Tuesday, January 20, 2009


Tomorrow Barack Obama will wake for his first full day as President, and I will still have to put gasoline in my car and buy milk at the grocery store. My lawn will remain covered in snow, and my youngest daughter will still be in diapers. This is life with a new president. This is living under the banner of change.

Change is a fair-weather word. It inspires hope and promises a brighter tomorrow. It raises downcast eyes. It provokes lines at voting booths and 2 miles of human traffic at the DC Mall. Change beats business-as-usual, especially when business-as-usual is cutting costs, hours, and jobs.

But change is hard to execute. In his inaugural address, President Obama, spoke with impassioned eloquence (indeed a welcomed change from former presidential speeches). He made promises, acknowledged challenges, and paused to consider the skeptics.

I watched a live feed of the event with a group of pastors. We had gathered to discuss the topic of creating vision. The host church recently kicked off a series relaying the annual theme: It’s Time. Branded on shirts, bulletins, posters, and television screens the slogan screamed for recognition. It’s time to think. It’s time to lead. To serve. To live.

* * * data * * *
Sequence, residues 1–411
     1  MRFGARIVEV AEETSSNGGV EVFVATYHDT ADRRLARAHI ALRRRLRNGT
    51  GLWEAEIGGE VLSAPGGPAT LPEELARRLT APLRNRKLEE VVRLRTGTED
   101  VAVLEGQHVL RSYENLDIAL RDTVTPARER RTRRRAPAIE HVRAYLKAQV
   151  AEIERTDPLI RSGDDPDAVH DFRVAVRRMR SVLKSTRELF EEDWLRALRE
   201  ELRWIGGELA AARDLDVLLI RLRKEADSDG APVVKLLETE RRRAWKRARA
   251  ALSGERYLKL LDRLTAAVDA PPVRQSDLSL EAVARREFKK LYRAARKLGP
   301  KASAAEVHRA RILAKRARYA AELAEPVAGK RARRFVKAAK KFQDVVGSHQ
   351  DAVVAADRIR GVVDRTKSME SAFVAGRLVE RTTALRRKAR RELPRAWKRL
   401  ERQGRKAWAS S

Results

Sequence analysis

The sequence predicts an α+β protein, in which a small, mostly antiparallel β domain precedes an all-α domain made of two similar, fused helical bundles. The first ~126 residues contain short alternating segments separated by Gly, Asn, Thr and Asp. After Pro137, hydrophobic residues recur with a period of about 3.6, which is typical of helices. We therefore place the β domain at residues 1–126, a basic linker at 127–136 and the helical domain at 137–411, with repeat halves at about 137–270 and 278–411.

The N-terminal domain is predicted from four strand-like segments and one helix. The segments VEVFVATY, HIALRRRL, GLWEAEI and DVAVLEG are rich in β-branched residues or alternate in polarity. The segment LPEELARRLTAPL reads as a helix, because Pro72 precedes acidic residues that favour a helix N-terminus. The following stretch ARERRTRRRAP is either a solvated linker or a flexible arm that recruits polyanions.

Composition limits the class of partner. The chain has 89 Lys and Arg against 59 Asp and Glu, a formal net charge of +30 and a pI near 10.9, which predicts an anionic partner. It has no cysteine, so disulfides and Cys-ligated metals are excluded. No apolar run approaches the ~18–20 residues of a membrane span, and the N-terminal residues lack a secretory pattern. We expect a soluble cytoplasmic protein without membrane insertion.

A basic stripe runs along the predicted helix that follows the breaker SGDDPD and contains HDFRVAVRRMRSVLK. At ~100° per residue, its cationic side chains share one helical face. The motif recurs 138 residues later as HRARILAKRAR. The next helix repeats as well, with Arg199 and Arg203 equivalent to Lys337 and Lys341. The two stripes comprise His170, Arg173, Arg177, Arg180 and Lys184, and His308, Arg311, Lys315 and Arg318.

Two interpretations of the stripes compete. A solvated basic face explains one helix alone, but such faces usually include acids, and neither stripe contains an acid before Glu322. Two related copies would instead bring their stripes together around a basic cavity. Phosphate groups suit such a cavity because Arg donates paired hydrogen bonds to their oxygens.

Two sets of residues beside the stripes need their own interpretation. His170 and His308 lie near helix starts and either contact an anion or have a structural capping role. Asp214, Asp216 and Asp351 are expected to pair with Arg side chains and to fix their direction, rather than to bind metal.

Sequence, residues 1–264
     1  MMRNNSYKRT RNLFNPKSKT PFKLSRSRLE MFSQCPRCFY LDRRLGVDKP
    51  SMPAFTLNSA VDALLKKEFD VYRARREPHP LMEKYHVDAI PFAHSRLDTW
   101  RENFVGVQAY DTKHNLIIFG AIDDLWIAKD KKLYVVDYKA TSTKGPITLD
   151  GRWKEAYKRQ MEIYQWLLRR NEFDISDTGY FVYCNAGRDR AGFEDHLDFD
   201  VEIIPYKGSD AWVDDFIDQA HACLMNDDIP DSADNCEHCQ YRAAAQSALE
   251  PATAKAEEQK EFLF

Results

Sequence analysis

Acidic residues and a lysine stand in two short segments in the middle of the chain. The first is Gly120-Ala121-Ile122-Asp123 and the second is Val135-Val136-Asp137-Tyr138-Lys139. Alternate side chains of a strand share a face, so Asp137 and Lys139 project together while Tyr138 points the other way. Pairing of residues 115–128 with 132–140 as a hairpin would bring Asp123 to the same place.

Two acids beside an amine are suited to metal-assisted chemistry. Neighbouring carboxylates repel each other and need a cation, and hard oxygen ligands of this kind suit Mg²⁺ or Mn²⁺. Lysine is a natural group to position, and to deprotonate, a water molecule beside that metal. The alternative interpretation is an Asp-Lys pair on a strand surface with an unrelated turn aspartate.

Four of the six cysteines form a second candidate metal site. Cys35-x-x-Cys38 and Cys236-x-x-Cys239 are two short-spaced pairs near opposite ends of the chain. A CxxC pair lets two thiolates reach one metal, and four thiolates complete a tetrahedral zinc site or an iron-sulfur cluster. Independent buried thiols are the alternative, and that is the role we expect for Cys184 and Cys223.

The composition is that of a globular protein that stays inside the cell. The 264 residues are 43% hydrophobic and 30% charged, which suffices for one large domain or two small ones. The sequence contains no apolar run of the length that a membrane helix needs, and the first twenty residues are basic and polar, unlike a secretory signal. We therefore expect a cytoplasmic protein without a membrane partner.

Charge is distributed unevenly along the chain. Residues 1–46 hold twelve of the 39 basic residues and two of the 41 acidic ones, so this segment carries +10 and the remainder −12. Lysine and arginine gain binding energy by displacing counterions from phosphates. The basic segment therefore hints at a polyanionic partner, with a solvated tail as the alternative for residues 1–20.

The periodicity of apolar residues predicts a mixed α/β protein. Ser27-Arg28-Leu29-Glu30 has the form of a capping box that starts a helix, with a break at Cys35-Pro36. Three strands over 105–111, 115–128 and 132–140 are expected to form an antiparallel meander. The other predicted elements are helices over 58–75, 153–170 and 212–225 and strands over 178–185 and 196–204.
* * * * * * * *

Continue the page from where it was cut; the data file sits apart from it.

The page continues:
As our new President outlined his hopes and plans, intentions and policies, I couldn’t help but connect his words with the motto of the church where I sat. It’s time… he was saying. For a change. For unity. For personal sacrifice. For America 2.0.

The speech closed with a riotous applause; the ceremony concluded in song. Then our new president was ushered away in a wave of handshakes and blessings. It was a great speech—as many speeches have been great. It was an historic moment—as many moments have been historic. But in the end, the fact remains that tomorrow we still have to work.

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